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What precautions need to be taken when using a laser cutter inside a house versus in a garage, shed, or workshop?

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Here are some safety concerns that should be considered no matter where you are using your machine.

  1. Ventilation - You should make sure that you are properly venting the fumes away from the machine and the user.  Generally this is done by a ventilation system that exhausts outdoors using a quality fan but if that's not an option, you can buy a fume extractor unit, or even build your own.
  2. Exposure - It is easy to become complacent but do not let your guard down regarding the danger the laser poses to your eyes and skin.  This is especially true for the diode lasers due to their frequency and any lasers that are not enclosed.  You only get one pair of eyes, so do not take chances.  Always wear eye protection around the laser.  See this related question.  Also, always be sure the machine is off before you open the lid and never bypass the safety switches.
  3. Electrical Fires - Some of the laser cutters on the market are built with cheaper components or are designed for a different voltage than what's used in your country.  Make sure the wiring in the system is properly rated.  Also, make sure your fire extinguisher is rated for electrical fires.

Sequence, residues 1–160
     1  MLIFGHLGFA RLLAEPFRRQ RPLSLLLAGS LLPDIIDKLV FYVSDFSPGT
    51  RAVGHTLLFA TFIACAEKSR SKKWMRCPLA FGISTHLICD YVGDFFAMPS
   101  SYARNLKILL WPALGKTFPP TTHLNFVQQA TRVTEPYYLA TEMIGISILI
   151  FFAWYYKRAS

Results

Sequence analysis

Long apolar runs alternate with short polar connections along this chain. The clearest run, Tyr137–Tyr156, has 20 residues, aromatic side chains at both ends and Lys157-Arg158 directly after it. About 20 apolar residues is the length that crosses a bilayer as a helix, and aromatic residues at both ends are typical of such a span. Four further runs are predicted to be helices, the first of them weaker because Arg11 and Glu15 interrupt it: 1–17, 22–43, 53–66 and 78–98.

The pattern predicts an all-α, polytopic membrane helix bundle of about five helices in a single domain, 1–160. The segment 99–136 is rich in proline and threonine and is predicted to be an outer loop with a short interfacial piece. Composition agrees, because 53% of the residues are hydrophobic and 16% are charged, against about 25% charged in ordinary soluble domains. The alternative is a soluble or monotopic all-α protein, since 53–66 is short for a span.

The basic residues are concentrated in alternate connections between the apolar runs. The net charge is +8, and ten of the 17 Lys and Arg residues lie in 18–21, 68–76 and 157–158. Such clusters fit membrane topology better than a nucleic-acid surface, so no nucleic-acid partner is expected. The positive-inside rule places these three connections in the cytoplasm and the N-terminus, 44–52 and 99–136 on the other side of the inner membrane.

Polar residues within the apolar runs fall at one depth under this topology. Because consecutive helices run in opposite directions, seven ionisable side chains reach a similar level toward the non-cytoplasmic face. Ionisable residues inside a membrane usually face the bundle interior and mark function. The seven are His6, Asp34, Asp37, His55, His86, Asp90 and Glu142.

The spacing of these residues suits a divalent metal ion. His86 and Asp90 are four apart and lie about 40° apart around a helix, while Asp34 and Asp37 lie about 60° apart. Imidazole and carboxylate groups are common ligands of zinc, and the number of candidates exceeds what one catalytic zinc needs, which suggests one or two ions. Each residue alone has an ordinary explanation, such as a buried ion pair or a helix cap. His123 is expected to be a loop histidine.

4. Material Fires - The material that you're engraving or especially cutting can catch on fire.  When you're cutting or engraving a material you are often burning it.  If and when it catches on fire you want to be prepared.  A CO2 fire extinguisher will allow you to fight a fire while not destroying your machine with foam, water, or otherwise.
  5. Material Hazards - Not all materials are safe to use in a laser cutter.  A common example is vinyl, which is a chlorinated material and therefore releases chlorine gas when burned.  This is toxic for humans and will destroy your machine.  For any material, read the Manufacturer's Safety Data Sheet (MSDS) before using it with your laser cutter.
  6. Never leave the machine - You should never leave the machine operating without someone nearby.  You never know when a fire or other hazard will occur and when it happens every second counts.
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